Wednesday, May 16, 2012

Wait, just a darned minute... the sky isn't falling!

I was flipping through the May 1, 2012 issue of Library Journal, when I was amazed to see a very short item in News Desk (page 11 in print) about the Libraries Online Incorporated (LION) a consortium of 25 Connecticut public, academic and school libraries boycotting new purchases of e-books from Random House. There is actually a fuller story online at Library Journal's Digital Shift. On March 2, Digital Shift covered a huge price increase, of as much as 300%, imposed by Random House on libraries buying their e-books. An e-book that cost $40 one day jumped to $120 the next, while the print version remains at $20 with the library discount! Random House is the only large publisher to make its e-books available to libraries without onerous restrictions, according to the article, but this is their rationale for the price increase:

“We believe our new library e-pricing reflects the high value placed on perpetuity of lending and simultaneity of availability for our titles,” said Stuart Applebaum, a Random House spokesperson. “Understandably, every library will have its own perspective on this topic, and we are prepared to listen, learn, and adapt as appropriate,” he said.

“Simultaneity” here means that Random House’s titles are available to libraries on the same date the retail edition is put on sale. It is not referring to simultaneous, multiple user access. The model remains one book, one user.
The reader can see the entirety of the Random House spokesperson's statement at the end of the Digital Shift article linked above.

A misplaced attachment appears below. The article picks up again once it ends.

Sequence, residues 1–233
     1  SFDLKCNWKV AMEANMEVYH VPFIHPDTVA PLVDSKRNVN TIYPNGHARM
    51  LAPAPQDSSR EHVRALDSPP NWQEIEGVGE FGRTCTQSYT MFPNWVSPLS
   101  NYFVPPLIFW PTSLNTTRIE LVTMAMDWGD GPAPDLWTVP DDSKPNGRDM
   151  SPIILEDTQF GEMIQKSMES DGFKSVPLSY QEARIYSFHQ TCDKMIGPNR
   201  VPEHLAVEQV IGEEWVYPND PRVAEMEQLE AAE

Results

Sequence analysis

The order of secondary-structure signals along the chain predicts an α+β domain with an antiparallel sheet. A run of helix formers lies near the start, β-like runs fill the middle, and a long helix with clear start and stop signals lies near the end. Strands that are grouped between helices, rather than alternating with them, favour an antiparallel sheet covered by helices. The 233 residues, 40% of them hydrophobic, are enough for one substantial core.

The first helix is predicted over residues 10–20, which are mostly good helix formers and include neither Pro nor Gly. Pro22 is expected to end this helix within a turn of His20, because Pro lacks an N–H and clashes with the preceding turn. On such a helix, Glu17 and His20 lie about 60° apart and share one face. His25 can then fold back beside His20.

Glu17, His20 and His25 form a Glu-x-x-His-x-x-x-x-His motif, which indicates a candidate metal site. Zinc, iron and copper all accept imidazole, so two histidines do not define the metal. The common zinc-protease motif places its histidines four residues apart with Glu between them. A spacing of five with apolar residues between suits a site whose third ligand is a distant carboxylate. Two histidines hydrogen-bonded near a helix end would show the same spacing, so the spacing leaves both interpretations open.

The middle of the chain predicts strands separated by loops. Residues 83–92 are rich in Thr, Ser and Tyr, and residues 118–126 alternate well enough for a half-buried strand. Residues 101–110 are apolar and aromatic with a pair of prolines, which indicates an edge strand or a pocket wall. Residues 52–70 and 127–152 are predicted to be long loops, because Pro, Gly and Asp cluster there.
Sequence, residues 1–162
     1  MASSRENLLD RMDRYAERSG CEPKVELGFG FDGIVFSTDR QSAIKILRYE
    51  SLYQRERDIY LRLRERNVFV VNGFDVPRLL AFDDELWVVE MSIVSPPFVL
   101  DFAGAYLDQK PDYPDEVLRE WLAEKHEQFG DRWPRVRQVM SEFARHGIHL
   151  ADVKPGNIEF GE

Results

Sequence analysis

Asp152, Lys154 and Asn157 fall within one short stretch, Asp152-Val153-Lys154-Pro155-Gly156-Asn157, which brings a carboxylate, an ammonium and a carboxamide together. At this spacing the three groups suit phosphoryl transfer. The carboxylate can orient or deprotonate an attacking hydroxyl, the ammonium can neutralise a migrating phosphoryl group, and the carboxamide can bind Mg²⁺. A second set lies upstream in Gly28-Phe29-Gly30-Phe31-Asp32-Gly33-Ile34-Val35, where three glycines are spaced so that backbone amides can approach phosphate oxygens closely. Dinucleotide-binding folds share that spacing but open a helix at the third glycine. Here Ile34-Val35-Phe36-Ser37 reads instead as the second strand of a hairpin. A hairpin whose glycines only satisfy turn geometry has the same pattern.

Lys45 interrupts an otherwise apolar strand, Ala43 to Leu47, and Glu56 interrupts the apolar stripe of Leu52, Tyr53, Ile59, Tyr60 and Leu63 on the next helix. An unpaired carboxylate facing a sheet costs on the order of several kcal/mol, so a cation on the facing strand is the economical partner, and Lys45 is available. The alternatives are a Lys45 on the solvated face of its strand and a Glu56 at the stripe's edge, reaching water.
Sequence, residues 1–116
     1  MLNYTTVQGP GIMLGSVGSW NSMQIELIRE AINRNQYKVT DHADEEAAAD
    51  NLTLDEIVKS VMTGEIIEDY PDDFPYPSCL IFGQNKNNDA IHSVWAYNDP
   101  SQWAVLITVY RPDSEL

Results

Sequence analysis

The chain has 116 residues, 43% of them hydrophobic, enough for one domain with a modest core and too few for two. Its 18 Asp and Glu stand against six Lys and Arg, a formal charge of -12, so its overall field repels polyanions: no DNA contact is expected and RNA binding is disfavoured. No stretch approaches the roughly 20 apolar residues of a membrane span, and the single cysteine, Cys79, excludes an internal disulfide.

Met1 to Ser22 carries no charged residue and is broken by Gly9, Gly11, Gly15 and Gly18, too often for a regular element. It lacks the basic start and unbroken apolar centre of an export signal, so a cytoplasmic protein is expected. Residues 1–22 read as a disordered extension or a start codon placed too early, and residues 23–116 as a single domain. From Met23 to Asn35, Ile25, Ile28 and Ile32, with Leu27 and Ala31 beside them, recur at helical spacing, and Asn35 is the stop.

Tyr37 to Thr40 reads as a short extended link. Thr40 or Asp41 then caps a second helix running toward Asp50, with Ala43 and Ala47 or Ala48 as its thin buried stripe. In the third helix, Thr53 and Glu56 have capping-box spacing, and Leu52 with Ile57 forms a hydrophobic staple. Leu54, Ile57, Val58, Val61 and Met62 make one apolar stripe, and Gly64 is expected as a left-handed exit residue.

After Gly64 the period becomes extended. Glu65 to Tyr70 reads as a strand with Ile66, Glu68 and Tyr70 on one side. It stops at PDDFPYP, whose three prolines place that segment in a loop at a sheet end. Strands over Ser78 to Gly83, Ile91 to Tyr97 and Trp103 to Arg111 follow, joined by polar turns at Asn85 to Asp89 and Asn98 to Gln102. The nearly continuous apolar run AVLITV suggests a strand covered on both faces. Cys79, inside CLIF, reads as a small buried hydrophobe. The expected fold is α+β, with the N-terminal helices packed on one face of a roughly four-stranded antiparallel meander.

To return to the boycott. The LION boycott was voted unanimously by its members on March 20, and communicated to Random House by LION president Richard Conroy. This boycott follows a similar boycott by a consortium of public libraries in Nova Scotia the South Shore Public Libraries, which voted to boycott purchases of new e-books from Random House by April 3, when this article ran in the The Chronicle Herald News. I think the issue is nicely put by the chief librarian Troy Myers:
"I don’t want to pick a fight with them, but their pricing’s unfair and I think they need to change it," chief librarian Troy Myers said Monday. (snip)"It’s public money we’re talking about here, and for us as a board to be good stewards of that money, we can’t justify paying these prices,"

Library board member Alan Wilson ... fully supports the boycott, saying it's important to take an early public stand.

"If this is a trend and not a single publisher, it’s something to be very concerned about," Wilson said.

"It’s a question of equity and fairness," he said, for both the authors and readers, and the publisher should have discussed the issues with the Writers’ Union of Canada and the Canadian Publisher’s Council.

"It seems ill-considered, it seems ill-timed and unilateral.""
I was quite surprised that these 2 groups were coming out as consortia, organizing a boycott against a publisher because of a pricing issue. Because, you know, we've always been told by our professional organization that if we acted as an organized group of librarians to act against a publisher on any issue of pricing, for instance, or other consumer issue, for instance, we might be accused of ...


That we, the consumers would somehow be organizing as a trust or bloc to somehow illegally manipulate pricing.

And that's why we, as AALL members, for instance, are supposed to sign some sort of agreement before we go on the AALL lists, right? That we won't discuss

THINGS that might violate ANTITRUST

or wait...

is that really just about

making some really big publishers


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